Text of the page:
Below the Beltway
Yours for a song: Gene Weingarten rewrites the national anthem
Sunday, March 13, 2011
Last week, I promised you a new national anthem. The first challenge in writing one was to find a tune more appropriate than ours, which was, after all, an old barroom song written by a Brit around the time King George III was impolitely taxing our tea. Plus, the music is so stupidly difficult to sing that getting it right was viewed as a sobriety test, warranting another round of drinks.
My first choice was something I thought sweetly American: Stephen Foster's "Oh! Susanna." Alas, it turns out the original lyrics begin this way: "I come fum Alabama wid' my banjo on my knee/I'se gwine to Loo-siana, my true lub for to see." From there, it gets a lot less racially sensitive. So, that was out.
A better choice was the traditional "Oh My Darling Clementine," with which I became smitten after discovering that most of us never learned the original final stanza to this tragic song about a drowned lover. Here it is:
"How I missed her! How I missed her!/How I missed my Clementine!/Then I kissed her little sister/And forgot my Clementine."
So, that was going to be the tune, until I started to write the lyrics, jotting down the best things about America. That's when I realized that they're already compiled in one place. We already have a better national anthem; it's just never been recognized as such. It was a masterpiece written in 1789 by a short man with long hair and black tights. His name was James Madison. I'm talking about the Bill of Rights, those 10 simple guarantees of individual liberty that - unlike any chauvinistic, militaristic, jingoistic, overwrought, self-celebratory song - are truly great.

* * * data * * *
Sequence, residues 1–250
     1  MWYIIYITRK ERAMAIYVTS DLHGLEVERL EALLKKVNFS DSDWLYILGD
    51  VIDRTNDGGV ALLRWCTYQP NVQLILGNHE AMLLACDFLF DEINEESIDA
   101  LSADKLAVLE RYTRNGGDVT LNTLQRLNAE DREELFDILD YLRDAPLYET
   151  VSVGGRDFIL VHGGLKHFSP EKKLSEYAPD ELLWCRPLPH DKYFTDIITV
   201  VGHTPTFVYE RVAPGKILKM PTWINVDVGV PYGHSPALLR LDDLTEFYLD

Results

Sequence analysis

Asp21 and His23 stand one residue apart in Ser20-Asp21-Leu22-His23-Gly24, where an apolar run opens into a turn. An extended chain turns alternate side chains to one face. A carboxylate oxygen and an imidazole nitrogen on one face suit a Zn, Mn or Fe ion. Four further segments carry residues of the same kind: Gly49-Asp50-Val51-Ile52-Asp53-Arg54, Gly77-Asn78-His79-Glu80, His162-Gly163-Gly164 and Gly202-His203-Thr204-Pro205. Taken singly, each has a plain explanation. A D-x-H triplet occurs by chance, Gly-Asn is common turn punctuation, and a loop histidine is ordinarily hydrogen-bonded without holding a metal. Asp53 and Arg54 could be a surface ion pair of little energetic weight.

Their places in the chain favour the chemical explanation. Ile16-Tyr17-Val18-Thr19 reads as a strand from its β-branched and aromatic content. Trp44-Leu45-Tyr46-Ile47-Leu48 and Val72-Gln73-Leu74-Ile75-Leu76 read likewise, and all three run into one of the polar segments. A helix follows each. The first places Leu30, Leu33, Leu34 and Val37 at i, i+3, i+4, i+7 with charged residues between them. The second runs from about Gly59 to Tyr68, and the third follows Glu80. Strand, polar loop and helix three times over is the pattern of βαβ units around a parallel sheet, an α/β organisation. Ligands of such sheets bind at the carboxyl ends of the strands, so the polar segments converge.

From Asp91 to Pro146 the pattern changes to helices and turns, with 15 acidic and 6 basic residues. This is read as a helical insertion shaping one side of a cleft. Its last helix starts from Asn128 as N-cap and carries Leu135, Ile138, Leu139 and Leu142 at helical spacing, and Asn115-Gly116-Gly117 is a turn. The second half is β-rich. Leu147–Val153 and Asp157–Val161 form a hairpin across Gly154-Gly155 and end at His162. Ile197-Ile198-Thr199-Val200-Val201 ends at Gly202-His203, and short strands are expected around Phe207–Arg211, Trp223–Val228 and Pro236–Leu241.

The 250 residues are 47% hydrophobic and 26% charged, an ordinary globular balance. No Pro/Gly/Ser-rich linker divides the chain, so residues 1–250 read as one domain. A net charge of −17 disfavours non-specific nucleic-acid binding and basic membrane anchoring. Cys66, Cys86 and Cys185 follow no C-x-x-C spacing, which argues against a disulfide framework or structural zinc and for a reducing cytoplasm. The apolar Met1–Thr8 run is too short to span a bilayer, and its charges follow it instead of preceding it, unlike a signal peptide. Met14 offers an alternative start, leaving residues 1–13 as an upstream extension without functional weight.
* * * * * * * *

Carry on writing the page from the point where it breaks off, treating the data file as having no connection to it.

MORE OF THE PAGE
Cramming the entire Bill of Rights into a containable whole demanded that it be sung in a gallop, and so "Clementine" lost out to Rossini's "William Tell Overture." And if you think it inappropriate that our new national anthem was written by an Italian fop about a Swiss crossbow artist, just put on a Stetson and think about that great Native American Tonto and his masked friend.
Here we go:
The Star-Spangled Paper
It's okay if you pray. You can own a gun.
You can say what you may about anyone.
You can meet in the street, you can march and strut.
Been wronged? You can sue his butt.
If you're popped by a cop, then you get a trial.
Army troops won't be cooped in your domicile,
When in jail, if there's bail, it can't be too high.
'Gainst yourself ... you don't testify.
There must be reasonable cause/for cops to seize or touch your junk.
In court, you get to see and hear/their case so it you can debunk.
You'll get a jury of your peers/and even if they throw the book
You won't be tarred or feathered or/be dangled on a butcher's hook.
Just because these/are the rights that we are hereby/to you doling
Doesn't mean you/Don't have others/(for example,/going bowling).
Uncle Sam wants your land? Gotta pay a price!
Just one time for a crime - they can't try you twice.
You can write what you might, no restraint awaits.
Other laws ... are left to the states.
That is all, it is small, but it makes us free
It's a trust that we must keep for liberty.
So, a toast, not a boast, as we raise our cup -
Here's to us ... let's not screw it up.
E-mail Gene at firstname.lastname@example.org.